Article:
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Philosophy vs. Tactics

What you believe about the role of leadership is going to subtly influence how you perform as a leader. Two people who believe different things about their roles will perform the same leadership functions in different way and will be received differently by their teams. Understanding the tactics of leadership is absolutely necessary to get your teams to perform at their best, but approaching those tactics with the right mindset -- the right philosophy -- is what will bring the most success. Tactics are necessary, but insufficient without the philosophy to ensure those tactics are delivered in a way that ensures they are received.

Here is a basic example, contrasting two different leadership philosophies. Jim, a new partner at a growing regional firm of 40 attorneys has been asked to open an office for the firm in a new city. Two senior associates are going with him and the firm has hired three more brand new associates and three support staff to get the new branch office up and running. Jim is anxious to both make an impression on the firm management team and turn the new office into a profit center as quickly as possible. He sees his role as driving that success through close oversight, or 'command and control.'

Sarah has similarly been tapped by her firm to launch a new practice group. She came to the firm a few years ago with experience in a particular niche that the firm was looking to fill and she's been successful in building that niche out and drawing even more business than the firm expected. She's been tasked to turn her experience into a practice group that will support another partner with limited experience in the field, an interested senior associate, and two mid-level associates who volunteered to grow the practice area but don't really have any experience or interest in it; they see it as a shortcut to greater exposure to firm leadership. Sarah sees her role as a mentor and coach to her team, understanding that their growth and fulfillment will drive the firm's growth.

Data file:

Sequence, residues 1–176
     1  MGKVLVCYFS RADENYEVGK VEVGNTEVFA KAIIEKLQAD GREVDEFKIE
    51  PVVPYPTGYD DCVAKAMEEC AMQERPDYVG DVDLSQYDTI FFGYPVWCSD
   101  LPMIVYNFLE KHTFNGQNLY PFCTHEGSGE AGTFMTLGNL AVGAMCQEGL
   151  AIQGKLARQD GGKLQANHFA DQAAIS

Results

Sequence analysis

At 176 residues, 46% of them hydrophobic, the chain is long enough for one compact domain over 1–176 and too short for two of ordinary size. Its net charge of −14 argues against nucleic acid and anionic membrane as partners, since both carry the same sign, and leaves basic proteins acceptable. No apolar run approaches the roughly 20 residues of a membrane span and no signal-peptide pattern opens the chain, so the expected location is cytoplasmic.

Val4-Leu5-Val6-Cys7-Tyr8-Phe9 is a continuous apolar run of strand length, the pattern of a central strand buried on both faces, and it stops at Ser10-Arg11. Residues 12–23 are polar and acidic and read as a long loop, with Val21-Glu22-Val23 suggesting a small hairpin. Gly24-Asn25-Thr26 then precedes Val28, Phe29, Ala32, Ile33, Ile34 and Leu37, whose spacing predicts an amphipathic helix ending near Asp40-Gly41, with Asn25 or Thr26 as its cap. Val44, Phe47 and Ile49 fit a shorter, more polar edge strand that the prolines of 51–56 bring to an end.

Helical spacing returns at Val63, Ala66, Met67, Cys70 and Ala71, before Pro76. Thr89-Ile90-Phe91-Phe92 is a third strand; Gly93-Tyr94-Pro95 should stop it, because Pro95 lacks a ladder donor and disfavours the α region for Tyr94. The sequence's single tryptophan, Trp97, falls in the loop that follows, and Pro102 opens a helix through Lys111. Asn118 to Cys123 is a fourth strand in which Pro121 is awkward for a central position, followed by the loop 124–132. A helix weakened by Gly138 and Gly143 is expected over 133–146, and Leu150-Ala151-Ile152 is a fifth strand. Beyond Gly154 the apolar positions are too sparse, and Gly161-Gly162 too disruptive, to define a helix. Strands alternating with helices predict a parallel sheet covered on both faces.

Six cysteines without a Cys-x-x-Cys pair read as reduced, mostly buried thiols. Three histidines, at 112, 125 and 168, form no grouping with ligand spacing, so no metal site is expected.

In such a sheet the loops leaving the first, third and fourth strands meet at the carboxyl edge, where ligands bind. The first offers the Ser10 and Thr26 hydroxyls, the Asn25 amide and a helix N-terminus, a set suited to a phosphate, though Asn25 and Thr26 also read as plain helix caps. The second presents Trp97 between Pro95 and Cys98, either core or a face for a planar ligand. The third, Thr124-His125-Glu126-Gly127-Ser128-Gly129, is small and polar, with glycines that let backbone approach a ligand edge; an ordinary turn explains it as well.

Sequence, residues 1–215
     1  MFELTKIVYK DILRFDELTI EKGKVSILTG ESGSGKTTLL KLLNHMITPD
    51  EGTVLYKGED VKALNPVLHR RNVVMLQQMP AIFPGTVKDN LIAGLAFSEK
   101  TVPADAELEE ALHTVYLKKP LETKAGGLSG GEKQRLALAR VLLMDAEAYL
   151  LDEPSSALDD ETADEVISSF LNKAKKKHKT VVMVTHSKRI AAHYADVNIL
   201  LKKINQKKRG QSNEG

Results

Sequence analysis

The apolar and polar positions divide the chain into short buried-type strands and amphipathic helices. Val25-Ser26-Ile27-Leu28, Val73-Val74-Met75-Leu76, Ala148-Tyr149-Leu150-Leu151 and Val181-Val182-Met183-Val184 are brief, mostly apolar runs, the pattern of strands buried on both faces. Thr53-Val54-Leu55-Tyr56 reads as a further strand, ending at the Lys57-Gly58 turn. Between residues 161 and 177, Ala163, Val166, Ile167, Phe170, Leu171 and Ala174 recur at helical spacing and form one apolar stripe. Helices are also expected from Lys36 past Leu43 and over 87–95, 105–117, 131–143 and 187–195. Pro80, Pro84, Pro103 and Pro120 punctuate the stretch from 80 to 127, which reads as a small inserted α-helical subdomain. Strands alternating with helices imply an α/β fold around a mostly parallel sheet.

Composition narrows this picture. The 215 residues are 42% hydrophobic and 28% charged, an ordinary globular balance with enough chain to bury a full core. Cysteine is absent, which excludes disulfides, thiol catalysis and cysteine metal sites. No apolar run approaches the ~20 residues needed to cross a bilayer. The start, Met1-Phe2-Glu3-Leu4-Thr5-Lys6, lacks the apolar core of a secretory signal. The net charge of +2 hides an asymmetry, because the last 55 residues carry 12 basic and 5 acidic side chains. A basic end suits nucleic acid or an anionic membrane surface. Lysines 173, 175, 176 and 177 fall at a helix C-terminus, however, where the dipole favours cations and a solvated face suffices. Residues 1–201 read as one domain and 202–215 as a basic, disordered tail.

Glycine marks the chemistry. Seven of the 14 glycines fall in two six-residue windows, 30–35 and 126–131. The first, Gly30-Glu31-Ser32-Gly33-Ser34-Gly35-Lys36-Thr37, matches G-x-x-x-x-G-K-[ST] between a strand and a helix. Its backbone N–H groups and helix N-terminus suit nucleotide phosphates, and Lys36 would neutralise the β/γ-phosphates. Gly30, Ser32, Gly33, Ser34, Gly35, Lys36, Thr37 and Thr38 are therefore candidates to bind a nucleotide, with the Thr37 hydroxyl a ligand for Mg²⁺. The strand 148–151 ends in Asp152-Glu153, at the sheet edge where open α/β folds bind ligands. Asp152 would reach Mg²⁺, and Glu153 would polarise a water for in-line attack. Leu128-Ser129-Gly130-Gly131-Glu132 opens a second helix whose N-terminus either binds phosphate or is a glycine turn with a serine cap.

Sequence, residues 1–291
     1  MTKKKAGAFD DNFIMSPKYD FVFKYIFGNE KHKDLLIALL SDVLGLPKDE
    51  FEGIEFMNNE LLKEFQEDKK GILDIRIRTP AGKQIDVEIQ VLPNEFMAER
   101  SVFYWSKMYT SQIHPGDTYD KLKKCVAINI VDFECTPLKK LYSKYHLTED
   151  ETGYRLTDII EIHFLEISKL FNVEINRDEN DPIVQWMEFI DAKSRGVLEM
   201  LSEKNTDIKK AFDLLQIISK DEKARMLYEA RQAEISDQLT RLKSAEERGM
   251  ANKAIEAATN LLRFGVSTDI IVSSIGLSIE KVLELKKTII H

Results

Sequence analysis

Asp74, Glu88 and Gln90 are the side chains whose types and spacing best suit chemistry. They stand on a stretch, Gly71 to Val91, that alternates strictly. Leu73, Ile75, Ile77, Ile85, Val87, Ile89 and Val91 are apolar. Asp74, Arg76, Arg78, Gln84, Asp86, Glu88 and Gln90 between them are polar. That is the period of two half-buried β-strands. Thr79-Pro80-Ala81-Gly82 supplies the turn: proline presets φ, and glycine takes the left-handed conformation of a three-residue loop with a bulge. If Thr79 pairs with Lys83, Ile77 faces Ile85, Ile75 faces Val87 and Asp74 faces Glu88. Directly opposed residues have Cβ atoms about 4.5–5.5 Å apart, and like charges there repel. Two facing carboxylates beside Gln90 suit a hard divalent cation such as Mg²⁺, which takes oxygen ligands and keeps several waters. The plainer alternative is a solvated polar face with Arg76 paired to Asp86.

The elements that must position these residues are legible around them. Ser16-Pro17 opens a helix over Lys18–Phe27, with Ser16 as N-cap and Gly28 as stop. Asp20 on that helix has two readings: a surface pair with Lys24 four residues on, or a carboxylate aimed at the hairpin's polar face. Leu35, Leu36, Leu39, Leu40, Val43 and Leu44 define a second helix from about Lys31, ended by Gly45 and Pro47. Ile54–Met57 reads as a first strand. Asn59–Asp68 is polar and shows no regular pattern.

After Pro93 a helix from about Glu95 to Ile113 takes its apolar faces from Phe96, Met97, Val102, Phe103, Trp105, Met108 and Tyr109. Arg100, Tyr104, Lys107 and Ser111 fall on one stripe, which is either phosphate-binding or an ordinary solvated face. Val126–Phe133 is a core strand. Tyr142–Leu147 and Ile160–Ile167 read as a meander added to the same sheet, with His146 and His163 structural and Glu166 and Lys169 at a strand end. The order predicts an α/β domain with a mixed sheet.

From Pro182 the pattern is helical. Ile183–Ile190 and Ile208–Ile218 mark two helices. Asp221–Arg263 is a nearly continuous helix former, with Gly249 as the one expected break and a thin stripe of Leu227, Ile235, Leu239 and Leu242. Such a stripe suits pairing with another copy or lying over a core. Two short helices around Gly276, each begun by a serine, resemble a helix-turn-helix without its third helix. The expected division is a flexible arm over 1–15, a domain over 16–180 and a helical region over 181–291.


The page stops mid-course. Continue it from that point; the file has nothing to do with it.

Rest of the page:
Both Jim and Sarah do many of the same things in their respective leadership roles. They've heard the same advice and read the same articles that have been popular recently about attorney well-being. They both care about treating their team well, but they see their roles differently. Jim believes he is 'in charge' of the team. Sarah believes she is part of the team, but that her role on the team is to make decisions that will guide the practice group's growth.

It isn't too difficult to see that the way Jim and Sarah interact with their teams will be slightly different, even when they are executing the same leadership tactics. I've written before about one of my favorite leadership tactics, leadership by shoe leather. When Jim walks down the hall to talk with his team, they know he's there to check on their work progress, to gauge where they are coming up short and give instructions about what to do next. When her team sees Sarah, they know she is coming to check on them, to ask what they need, and to provide the resources and guidance they need to be successful. The conversations will be very similar, but the manner in which they are delivered and, most importantly, the way those conversations are received by their respective teams will be different. Both Jim and Sarah might be successful in growing profits for their firms, but it will be Sarah's team that is more likely to stay with the firm longer, themselves create new avenues for growth, and be more ready to take on greater responsibility and more senior roles.

Even a simple technique like leadership by shoe leather will be received differently when it is executed with a 'command and control' philosophy rather than when grounded in trust, transparency, and empathy. The environment that gets created is going to be totally difference. Acting with a philosophy grounded in trust, transparency and empathy is going create an environment of inclusivity of collaboration. It's going to be one that inspires belonging and loyalty. When you use the same technique based on a philosophy of 'command and control,' you create a big brother environment, an environment of distrust. You’re not going to inspire openness and authenticity. Returning to my earlier posts about costs of leadership in your firm, you have key performance indicators (tangible costs) and culture/environment imperatives (intangibles) that will lag where they could be. Associate turnover will be higher under 'command and control' styles of leadership; attorney well-being will be lower; and your associates will not have been exposed to the skills they need to take on greater responsibility and keep the firm growing.

The difference is going to be in the philosophy that grounds your execution on the leadership tactics. If you want to help practicing it, if you want help understanding it on a deeper level, let’s set up a call and talk about it.



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